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Nestled in the picturesque hills of Cooroy surrounded by bushlands and the sounds of nature lives one of the region’s most prolific yet unknown\n artists.

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From Outcast to Artist, a Personal Journey

Nestled in the picturesque hills of Cooroy surrounded by bushlands and the sounds of nature lives one of the region’s most prolific yet unknown artists.

Kaya Sulc, 87, has painted and sculpted for more than 40 years but his magnificent works have never been exhibited to the very community in which he has lived for four decades.

Quiet now and slowed by age, Kaya is soft spoken and gentle; a stark contrast to the raucous, adventurous life he led after fleeing his home country of Czech Republic more than 50 years ago.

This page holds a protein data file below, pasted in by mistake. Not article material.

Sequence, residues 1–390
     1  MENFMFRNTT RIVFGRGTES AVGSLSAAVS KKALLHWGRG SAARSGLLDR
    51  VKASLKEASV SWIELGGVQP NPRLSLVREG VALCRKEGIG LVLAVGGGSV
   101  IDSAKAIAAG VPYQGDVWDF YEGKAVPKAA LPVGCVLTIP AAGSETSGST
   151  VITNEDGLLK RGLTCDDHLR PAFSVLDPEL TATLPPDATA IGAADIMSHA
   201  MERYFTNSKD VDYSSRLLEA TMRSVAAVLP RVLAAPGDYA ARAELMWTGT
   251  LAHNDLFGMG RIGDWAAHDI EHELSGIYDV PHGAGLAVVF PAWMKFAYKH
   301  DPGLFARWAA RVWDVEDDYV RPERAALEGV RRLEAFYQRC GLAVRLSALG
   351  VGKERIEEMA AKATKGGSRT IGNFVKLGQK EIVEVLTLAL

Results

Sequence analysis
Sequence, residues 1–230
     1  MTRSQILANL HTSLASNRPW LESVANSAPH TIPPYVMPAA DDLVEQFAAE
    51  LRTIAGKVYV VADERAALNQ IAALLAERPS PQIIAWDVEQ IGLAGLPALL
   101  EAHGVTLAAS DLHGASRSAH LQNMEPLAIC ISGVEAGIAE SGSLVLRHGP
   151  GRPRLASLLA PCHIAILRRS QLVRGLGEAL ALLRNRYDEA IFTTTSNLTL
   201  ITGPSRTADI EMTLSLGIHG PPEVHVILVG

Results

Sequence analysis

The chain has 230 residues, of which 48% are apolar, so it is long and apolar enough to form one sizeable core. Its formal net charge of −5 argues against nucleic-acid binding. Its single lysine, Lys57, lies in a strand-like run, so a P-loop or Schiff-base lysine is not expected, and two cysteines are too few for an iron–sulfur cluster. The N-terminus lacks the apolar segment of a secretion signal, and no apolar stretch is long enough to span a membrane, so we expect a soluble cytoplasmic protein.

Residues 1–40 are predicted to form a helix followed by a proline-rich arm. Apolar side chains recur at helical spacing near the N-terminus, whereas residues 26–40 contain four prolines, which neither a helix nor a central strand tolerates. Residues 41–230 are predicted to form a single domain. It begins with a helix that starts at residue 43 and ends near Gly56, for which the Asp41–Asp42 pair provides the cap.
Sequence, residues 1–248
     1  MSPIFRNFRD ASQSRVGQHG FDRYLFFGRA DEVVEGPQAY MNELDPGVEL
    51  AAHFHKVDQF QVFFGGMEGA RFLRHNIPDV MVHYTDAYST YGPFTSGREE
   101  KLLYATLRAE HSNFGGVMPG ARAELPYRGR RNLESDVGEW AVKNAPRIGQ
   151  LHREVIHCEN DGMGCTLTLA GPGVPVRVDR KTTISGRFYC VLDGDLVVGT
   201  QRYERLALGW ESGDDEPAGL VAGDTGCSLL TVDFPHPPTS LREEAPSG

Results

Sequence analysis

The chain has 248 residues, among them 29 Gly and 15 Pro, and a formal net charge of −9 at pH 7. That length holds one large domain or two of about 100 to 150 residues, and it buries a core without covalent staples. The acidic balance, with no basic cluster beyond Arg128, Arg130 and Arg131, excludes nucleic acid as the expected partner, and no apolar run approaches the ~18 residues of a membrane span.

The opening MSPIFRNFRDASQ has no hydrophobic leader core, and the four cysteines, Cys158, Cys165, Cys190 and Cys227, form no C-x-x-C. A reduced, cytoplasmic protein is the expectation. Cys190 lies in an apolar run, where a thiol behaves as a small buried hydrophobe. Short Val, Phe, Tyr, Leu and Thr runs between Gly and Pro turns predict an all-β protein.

Life in Czech throughout the mid-century is often referred to as the “Nightmarish 1950s” marked by purges, trials and mass executions.After the coup in 1948, Czech citizens began to live under totalitarian rule with those who didn’t comply with socialism often interrogated, intimidated, put under surveillance and subjected to house searches.

Before this time, Kaya’s father had been accused of being a capitalist and Kaya was refused entry to University based on his family history and involvement in anti-government protests, but as Kaya says “I was 18, what did I know of politics?”

A rule at the time forced students to perform manual labour for the country throughout the school holidays. Kaya and his friends were lucky enough to be stationed in one of Czech’s many dense forests that surrounded the border, tasked with measuring the density of the forest.

What some may recall as a horrendous time of totalitarian rule, Kaya’s youth meant he viewed the work as a few weeks spent with pretty girls, measuring trees and flirting in the forest. Despite this, Kaya and three of his friends made the decision to flee the country.